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List of Abbreviations and Acronyms CENELEC

ComitĂŠ EuropĂŠen de Normalisation Electrotechnique

CEPT

European Conference of Postal and Telecommunications Administrations

DG INFSO

Directorate General Information Society

EC

European Commission

ECC

Electronic Communications Committee

ECN&S

Electronic Communication Networks and Services

ECO

European Communications Office

EEA

European Economic Area

EFTA

European Free Trade Association

EN

European Standard, telecommunications series

ESO

European Standardisation Organisations

ETSI

European Telecommunications Standards Institute

EU

European Union

HS

Harmonized Standard

ICT

Information and Communications Technologies

MoU

Memorandum of Understanding

NSO

National Standards Organisation

OJEU

Official Journal of the European Union

RSC

Radio Spectrum Committee

R&TTE

Radio and Telecommunications Terminal Equipment

R&TTE ADCO

Radio and Telecommunications Terminal Equipment Administrative Cooperation

R&TTE CA

Radio and Telecommunications Terminal Equipment Compliance Association

TCAM

Telecommunication Conformity Assessment and Market Committee

Relevant websites ETSI:

www.etsi.org

ECC:

www.cept.org/ecc

EC DG Enterprise and Industry:

http://ec.europa.eu/enterprise/index_en.htm

EC DG Infosoc:

http://ec.europa.eu/information_society/index_en.htm

EC Radio Spectrum Policy Group:

http://rspg.ec.europa.eu/

EC Radio Spectrum Committee:

http://ec.europa.eu/information_society/policy/radio_spectrum/activities/rsc work/index_en.htm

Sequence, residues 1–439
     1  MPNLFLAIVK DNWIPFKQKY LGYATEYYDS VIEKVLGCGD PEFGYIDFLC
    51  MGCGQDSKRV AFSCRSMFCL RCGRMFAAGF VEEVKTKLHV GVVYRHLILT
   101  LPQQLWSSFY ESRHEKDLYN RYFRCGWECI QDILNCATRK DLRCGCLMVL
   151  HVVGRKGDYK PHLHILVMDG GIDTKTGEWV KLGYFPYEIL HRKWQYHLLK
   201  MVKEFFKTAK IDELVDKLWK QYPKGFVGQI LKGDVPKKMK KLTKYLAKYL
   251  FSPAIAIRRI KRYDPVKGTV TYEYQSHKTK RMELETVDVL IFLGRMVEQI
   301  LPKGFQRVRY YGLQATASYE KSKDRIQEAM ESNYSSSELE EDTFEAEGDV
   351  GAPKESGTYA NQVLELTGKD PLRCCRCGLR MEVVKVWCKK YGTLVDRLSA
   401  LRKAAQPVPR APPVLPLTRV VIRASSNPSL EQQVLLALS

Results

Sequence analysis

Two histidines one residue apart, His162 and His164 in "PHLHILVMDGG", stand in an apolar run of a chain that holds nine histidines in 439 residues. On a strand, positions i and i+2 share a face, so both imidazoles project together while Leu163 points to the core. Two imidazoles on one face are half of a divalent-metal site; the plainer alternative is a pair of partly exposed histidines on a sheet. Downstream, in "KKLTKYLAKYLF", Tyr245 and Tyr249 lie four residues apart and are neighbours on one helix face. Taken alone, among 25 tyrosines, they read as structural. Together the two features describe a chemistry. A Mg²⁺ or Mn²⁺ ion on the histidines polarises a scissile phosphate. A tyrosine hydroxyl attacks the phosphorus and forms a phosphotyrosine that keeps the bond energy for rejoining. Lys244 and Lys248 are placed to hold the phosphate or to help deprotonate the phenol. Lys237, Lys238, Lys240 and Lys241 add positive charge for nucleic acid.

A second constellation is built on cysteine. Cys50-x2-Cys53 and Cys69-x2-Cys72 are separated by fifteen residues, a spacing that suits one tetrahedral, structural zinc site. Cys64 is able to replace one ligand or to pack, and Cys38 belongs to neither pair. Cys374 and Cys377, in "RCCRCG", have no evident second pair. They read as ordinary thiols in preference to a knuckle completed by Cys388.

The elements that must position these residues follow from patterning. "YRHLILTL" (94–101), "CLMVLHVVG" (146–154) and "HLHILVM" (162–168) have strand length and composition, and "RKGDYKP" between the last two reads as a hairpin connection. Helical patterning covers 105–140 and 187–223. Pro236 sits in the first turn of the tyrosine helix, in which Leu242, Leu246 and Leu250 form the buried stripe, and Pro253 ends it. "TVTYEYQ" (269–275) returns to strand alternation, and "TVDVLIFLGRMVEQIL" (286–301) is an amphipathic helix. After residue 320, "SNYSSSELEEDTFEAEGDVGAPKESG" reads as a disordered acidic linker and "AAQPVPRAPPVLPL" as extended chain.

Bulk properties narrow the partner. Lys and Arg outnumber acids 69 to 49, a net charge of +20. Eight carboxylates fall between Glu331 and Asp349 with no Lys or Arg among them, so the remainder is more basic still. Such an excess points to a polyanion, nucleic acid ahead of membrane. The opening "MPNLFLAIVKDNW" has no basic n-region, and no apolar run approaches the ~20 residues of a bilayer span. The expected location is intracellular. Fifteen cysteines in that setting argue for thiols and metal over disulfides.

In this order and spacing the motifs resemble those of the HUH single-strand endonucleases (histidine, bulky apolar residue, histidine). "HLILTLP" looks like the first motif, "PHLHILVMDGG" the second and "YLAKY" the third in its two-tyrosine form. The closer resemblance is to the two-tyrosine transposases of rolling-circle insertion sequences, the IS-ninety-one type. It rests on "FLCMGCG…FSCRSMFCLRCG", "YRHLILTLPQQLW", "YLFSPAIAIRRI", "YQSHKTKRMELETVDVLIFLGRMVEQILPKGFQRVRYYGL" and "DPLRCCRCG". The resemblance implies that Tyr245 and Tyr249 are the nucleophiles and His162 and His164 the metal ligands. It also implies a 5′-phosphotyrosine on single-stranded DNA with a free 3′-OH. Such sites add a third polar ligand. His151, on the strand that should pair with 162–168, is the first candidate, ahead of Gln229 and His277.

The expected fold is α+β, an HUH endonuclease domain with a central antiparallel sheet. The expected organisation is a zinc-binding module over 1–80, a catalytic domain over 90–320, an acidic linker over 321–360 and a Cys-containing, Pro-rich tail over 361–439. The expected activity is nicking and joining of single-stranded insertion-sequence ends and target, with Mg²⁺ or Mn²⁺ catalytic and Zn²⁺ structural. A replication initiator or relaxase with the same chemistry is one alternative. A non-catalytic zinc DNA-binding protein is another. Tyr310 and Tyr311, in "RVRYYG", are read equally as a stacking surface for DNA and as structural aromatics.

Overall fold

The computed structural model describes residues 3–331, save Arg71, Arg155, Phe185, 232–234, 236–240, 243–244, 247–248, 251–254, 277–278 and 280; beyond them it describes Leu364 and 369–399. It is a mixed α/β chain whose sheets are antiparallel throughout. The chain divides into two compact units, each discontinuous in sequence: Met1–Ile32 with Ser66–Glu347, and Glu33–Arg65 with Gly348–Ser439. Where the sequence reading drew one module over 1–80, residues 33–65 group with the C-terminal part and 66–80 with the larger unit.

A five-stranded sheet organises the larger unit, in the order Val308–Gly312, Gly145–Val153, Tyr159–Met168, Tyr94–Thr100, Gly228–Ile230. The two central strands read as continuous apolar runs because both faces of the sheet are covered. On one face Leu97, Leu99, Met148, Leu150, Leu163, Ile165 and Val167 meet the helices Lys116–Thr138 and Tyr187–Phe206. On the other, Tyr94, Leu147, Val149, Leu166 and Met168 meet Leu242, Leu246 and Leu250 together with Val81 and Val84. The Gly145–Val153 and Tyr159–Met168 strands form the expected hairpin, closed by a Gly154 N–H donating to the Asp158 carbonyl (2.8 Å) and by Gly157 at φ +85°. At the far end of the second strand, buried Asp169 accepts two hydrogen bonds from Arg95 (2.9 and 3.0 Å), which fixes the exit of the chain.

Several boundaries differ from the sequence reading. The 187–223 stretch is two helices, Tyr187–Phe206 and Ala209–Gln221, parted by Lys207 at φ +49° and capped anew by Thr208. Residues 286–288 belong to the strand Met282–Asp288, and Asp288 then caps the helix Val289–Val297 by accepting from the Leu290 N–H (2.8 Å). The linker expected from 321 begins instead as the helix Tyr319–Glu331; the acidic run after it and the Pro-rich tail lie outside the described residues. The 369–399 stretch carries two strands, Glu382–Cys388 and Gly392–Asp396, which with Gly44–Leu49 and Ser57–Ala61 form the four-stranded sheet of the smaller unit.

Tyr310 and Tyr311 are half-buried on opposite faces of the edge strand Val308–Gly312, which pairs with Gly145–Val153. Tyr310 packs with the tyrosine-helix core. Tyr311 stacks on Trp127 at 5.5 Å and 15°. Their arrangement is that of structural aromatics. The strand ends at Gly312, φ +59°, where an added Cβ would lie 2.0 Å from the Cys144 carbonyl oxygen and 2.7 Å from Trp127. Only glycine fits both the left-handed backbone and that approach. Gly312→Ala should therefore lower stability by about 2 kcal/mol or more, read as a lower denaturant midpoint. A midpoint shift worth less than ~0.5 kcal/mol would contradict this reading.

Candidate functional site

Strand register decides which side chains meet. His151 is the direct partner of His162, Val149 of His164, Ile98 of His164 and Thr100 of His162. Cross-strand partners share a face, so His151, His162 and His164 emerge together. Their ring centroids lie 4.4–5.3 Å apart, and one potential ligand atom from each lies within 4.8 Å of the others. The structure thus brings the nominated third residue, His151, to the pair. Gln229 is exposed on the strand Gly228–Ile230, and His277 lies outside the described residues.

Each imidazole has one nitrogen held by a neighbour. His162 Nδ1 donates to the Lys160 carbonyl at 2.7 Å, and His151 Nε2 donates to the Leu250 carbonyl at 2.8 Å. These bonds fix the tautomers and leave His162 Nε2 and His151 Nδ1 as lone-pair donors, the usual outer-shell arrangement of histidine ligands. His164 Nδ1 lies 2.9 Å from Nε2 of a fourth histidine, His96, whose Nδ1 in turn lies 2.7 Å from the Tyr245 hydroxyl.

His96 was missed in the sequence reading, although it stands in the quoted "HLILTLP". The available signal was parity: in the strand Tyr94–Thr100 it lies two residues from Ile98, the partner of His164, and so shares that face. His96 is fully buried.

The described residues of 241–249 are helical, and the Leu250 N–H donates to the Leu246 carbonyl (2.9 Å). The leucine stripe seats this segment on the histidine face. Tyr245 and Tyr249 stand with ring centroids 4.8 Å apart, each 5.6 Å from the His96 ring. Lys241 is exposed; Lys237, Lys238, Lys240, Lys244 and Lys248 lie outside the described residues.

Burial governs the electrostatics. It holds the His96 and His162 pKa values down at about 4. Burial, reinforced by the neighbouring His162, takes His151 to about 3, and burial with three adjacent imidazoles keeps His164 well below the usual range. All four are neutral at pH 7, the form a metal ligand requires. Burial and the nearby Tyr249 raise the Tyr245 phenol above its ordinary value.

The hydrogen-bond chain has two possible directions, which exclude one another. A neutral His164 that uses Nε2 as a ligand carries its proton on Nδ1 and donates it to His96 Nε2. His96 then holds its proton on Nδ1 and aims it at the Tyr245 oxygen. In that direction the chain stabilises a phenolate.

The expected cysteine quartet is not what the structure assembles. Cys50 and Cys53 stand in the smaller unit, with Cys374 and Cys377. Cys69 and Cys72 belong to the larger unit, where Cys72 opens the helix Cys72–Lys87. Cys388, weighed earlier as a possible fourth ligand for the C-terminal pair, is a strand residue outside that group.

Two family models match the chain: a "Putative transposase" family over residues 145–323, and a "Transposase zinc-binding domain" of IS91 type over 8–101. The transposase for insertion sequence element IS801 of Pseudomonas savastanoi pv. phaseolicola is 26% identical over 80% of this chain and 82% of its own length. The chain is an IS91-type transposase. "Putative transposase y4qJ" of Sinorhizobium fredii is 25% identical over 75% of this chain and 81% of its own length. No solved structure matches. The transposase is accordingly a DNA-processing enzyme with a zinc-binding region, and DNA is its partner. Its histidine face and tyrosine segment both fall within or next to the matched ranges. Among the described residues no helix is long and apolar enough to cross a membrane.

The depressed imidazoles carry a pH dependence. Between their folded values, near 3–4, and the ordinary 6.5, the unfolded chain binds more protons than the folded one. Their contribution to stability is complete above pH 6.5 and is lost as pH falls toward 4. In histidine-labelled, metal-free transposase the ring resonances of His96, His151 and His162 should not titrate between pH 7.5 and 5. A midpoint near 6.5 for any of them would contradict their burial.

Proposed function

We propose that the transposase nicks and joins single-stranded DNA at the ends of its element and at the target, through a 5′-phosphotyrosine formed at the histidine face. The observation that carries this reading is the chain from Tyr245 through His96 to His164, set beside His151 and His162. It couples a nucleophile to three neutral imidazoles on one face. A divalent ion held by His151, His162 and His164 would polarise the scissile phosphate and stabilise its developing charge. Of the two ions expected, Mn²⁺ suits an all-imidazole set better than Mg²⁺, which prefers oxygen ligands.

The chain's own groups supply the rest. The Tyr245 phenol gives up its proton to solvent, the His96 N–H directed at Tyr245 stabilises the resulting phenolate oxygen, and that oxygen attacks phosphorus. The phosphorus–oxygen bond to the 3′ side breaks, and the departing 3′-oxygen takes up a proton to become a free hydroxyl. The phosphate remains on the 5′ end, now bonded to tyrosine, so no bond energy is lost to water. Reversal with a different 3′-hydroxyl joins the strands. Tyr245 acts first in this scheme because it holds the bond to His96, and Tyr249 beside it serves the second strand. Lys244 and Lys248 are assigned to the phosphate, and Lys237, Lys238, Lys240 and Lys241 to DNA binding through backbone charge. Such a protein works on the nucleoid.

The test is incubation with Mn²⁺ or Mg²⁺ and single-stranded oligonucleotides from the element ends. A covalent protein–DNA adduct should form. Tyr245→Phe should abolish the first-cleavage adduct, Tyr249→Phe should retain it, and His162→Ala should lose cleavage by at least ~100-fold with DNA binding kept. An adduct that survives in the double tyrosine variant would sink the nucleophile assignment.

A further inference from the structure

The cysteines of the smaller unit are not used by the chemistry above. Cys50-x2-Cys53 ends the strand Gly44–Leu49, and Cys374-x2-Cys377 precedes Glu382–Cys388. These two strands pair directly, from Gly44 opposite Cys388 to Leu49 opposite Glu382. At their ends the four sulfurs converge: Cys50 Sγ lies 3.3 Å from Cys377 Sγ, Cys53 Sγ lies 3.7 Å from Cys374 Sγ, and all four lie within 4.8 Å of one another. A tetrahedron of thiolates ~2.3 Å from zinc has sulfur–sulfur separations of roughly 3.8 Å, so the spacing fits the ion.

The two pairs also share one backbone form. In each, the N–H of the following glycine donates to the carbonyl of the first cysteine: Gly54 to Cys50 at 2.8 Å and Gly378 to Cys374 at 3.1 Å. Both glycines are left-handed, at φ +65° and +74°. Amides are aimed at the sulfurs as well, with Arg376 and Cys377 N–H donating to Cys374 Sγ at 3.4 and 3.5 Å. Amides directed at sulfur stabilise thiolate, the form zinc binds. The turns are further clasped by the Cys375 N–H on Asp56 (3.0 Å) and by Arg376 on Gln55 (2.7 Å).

Radio Spectrum Decision 676/2002/

http://europa.eu/legislation_summaries/information_society/l24218a_en.htm

EC: R&TTE Directive:

http://ec.europa.eu/enterprise/rtte/index_en.htm and http://europa.eu/legislation_summaries/information_society/l21003a_en.htm

98/34/EC Directive:

http://europa.eu/legislation_summaries/internal_market/single_market_for_ goods/technical_harmonisation/l21003_en.htm

EU legislation:

http://eur-lex.europa.eu/en/index.htm

R&TTE Compliance Association:

http://www.rtteca.com/

Member State surveillance authorities:

http://europa.eu/legislation_summaries/information_society/l21003a_en.htm


Annex: Practical guidance for newcomers to the regulatory environment in Europe for radio equipment and spectrum

This annex provides practical information for newcomers to the regulatory environment in Europe for radio equipment and spectrum. Key European legal documents Examples of key European legal documents for manufacturers, services providers and other market players are given in Table 1.